She prescribed me three items. Betnovate-C (steroid ointment) which should be sparingly applied twice a day. Watch out with this one if you get it prescribed - it permanently stains any clothing it comes in contact with bright yellow! She also prescribed Doublebase Gel which is a wonderfully absorbent and soothing ointment which can be applied as often as required. She also gave me Cetirizine Hydrochloride (antihistamine) tablets to reduce the itching.

Less than a week later, all was clear. I have a supply of all three left should it recur in the near future.

Hope you have also got your issue with this irritating condition sorted!

Nell Rose (author) from England on March 15, 2012:

Hi, catalystsnstars, thanks for the added info, I do try and keep it perfume free, and other chemicals around the house, I must admit that I have never had eczema on my legs before, but now the Doctor has given me steroid cream, I am only using it a little though, but it seems to be working, but running cold water on it does seem to sooth the skin, thanks for reading, cheers nell

catalystsnstars from Land of Nod on March 15, 2012:

My daughter also has eczema, we use all organic products for her skin with no irritants or fragrance. Her father, the chemical engineer, double checks the ingredients to ensure no contaminants. We also do not use any synthetic chemicals in the house for personal and environmental reasons. Before we found out her rashes and patches was eczema, we weren't aware of how the common lotions and shampoos can actually damage your skin. Now she breaks our occasionally and if her skin gets too dry she will scratch but fortunately, her patches have stopped growing and her breakouts are less frequent.

I didn't know about taking cooler showers as I am a huge fan of of showers especially in the winter, but this would explain why my daughter hates warm water on her skin. Thanks for enlightening the community. Great article as always.

Nell Rose (author) from England on March 01, 2012:

Hi, Wanderer, yes I think I have heard of that before, I will give it a try, thanks!

Wanderer on March 01, 2012:

Oatmeal is also good for treating Eczema. I am not referring to eating it, but the kind that is in some lotions. Try applying "Aveeno with oatmeal" after a bath or shower.

Nell Rose (author) from England on February 28, 2012:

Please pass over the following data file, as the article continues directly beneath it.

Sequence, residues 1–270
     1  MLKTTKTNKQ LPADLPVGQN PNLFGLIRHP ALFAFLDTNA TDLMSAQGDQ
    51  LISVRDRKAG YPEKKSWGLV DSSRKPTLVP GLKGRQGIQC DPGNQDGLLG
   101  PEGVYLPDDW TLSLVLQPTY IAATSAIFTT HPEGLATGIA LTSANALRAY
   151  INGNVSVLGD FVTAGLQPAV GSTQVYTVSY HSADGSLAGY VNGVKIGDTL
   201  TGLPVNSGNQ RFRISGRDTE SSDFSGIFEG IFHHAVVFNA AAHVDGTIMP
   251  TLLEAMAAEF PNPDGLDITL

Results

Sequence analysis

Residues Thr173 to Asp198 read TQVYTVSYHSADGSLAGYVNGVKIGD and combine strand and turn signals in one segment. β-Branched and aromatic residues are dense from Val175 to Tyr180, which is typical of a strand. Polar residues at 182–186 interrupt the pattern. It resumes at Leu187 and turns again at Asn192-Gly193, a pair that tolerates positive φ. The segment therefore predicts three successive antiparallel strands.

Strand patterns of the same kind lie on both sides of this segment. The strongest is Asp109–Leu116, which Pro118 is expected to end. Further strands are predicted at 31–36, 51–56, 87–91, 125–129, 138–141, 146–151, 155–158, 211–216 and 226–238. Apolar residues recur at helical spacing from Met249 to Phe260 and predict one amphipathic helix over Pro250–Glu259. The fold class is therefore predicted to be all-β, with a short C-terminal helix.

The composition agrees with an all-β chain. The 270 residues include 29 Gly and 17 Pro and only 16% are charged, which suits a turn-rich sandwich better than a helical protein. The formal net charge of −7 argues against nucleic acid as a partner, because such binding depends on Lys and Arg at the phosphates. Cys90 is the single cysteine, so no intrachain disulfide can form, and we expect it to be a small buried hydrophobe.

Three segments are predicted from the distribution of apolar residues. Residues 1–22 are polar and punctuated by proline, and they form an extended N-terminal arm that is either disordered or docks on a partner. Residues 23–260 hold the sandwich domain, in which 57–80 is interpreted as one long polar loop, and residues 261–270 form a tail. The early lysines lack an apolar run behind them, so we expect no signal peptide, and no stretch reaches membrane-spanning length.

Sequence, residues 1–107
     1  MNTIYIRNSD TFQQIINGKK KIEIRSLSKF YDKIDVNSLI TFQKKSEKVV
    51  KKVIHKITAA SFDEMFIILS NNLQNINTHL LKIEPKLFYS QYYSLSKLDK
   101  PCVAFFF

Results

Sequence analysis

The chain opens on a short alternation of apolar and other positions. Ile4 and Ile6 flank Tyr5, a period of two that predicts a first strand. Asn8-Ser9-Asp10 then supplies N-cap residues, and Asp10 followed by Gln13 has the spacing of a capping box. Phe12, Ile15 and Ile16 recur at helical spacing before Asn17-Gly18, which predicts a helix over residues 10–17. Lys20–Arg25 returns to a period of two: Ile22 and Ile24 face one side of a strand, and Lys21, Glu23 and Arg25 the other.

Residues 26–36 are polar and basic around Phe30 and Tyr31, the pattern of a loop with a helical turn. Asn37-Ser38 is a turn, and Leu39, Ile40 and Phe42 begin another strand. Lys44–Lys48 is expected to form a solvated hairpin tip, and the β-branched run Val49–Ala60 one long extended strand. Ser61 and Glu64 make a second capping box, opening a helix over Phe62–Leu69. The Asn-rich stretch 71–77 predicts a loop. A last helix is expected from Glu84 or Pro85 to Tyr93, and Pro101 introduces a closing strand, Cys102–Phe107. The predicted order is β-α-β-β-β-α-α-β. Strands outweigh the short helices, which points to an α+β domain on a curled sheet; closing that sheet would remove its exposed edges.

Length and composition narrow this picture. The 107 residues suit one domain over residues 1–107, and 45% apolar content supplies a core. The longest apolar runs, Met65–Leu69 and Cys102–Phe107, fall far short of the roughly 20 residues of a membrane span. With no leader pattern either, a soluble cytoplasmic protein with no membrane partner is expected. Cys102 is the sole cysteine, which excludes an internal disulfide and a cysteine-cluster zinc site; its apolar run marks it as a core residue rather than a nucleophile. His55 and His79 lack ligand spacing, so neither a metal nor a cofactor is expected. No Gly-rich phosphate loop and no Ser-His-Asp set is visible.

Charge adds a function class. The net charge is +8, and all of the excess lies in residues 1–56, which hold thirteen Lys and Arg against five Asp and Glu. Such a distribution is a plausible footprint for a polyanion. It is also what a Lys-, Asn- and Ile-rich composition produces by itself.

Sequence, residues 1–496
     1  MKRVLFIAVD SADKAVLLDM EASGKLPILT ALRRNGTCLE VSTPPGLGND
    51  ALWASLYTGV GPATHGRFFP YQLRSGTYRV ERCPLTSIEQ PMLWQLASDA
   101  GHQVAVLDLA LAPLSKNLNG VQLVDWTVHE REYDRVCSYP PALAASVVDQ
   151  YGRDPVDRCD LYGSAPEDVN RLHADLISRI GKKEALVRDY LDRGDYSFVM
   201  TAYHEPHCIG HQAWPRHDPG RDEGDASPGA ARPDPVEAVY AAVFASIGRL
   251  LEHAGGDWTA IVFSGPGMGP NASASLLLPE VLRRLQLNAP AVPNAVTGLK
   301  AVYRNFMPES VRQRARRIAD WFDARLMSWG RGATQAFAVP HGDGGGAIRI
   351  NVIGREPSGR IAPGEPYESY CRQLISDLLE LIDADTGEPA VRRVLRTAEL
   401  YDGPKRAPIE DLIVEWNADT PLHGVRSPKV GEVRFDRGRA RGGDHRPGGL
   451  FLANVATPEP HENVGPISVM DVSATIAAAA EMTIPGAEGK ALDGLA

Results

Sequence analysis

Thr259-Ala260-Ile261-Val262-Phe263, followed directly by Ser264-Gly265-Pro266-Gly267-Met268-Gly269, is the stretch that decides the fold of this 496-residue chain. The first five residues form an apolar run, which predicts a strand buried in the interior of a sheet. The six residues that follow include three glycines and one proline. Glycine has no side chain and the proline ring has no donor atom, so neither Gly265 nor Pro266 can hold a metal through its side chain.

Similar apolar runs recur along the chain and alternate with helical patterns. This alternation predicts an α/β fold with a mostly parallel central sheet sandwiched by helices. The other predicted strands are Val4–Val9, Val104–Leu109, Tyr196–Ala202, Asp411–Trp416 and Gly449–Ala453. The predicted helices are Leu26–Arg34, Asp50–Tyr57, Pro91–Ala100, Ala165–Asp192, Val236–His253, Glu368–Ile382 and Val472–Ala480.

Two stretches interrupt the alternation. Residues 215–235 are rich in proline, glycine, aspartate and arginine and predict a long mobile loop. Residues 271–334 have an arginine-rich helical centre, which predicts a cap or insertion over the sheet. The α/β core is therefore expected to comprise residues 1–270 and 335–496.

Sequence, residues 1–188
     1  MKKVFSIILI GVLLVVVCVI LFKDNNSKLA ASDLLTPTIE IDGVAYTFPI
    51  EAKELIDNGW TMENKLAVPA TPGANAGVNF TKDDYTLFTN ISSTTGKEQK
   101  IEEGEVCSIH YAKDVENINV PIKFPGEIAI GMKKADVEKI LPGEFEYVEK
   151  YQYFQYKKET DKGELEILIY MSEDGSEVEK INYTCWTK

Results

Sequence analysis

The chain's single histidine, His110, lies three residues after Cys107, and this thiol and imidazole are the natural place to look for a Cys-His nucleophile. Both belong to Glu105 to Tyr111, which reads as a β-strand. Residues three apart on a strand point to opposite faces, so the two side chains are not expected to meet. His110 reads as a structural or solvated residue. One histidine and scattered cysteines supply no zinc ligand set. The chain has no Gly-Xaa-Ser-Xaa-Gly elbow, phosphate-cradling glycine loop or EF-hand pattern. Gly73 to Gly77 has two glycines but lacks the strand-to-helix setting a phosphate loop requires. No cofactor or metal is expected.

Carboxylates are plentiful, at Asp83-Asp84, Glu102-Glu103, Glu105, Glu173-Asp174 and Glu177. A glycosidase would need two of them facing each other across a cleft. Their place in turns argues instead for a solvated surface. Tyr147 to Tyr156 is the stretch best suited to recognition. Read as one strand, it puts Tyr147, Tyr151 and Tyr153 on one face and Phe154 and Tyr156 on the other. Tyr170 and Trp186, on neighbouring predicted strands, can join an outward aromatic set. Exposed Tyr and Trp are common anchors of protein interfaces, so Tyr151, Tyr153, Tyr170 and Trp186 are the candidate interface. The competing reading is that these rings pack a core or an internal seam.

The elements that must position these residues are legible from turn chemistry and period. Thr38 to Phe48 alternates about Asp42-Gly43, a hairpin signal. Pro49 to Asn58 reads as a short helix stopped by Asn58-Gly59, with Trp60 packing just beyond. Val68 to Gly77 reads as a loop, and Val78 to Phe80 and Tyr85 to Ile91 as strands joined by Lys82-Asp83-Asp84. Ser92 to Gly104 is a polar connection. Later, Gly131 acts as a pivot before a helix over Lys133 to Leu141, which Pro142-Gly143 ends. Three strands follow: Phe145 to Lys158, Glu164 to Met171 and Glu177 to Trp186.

Thanks Alicia, I have got some new cream today from the Doctor, so hopefully it will work, thanks as always, nell

Linda Crampton from British Columbia, Canada on February 27, 2012:

This is a very useful hub for someone suffering from eczema, Nell. I hope that your leg continues to improve. I have asthma, but luckily I've never experienced eczema yet. It sounds very unpleasant!

Nell Rose (author) from England on February 27, 2012:

Hi, b. Malin, thanks so much, I suppose not everyone who gets asthma will get eczema, but I believe lots of us do, it can be a pain, especially in the summer, its just this time it really is being annoying, hopefully I will get it sorted out when I see the Doctor, thanks as always, nell

Nell Rose (author) from England on February 27, 2012:

Hi, Minnetonka, that's great news! the cream I am using is pretty useless, so I am going to the Docs tomorrow, and see what they give me, thanks again, nell

b. Malin on February 27, 2012:

Very, very Informative Hub Nell. I didn't know where there is Asthma, there is Eczema.This is definitely a Hub to bookmark for future Ref. Very well done.

Linda Rogers from Minnesota on February 27, 2012:

Hi Nell-Just wanted you to know that the Eucerin the pharmacist prescribed seems to be working. The patch of dry itchy skin is getting smaller and itching less. So far, so good.

Nell Rose (author) from England on February 27, 2012:

Hi, Dr. Ope, I am glad you found it helpful, I hope your son is better from it now? thanks!

Nell Rose (author) from England on February 27, 2012:

Thanks Peter, I will take a look at your link, thanks!

Nell Rose (author) from England on February 27, 2012:

Thanks so much Sue, glad you liked it, cheers nell

Nell Rose (author) from England on February 27, 2012:

Hi, pras, thank you so much, it can be so painful, but eczema is not that easy to treat, as it just keeps irritating the skin, appreciated the rate, and thanks as always, nell

Olive Ellis on February 27, 2012:

Nell, I am sure a lot of persons will benefit from this informative hub. My son suffers from eczema too so I will share your tips. Continue to share.

Sueswan on February 26, 2012:

Hi Nell,

I sure hope your eczema clears up soon. Very useful information for those suffering from eczema

Voted up and interesting.

Take Care

prasetio30 from malang-indonesia on February 26, 2012:

This was complete information about eczema. My friend, you describe this very well and I learn much from you. I'll share with others. Thank you very much. Good job and rated up!


Nell Rose (author) from England on February 25, 2012:

Hi, inevitable, it certainly sounds like eczema, good luck with the tips, I hope it clears up for you, thanks nell

Nell Rose (author) from England on February 25, 2012: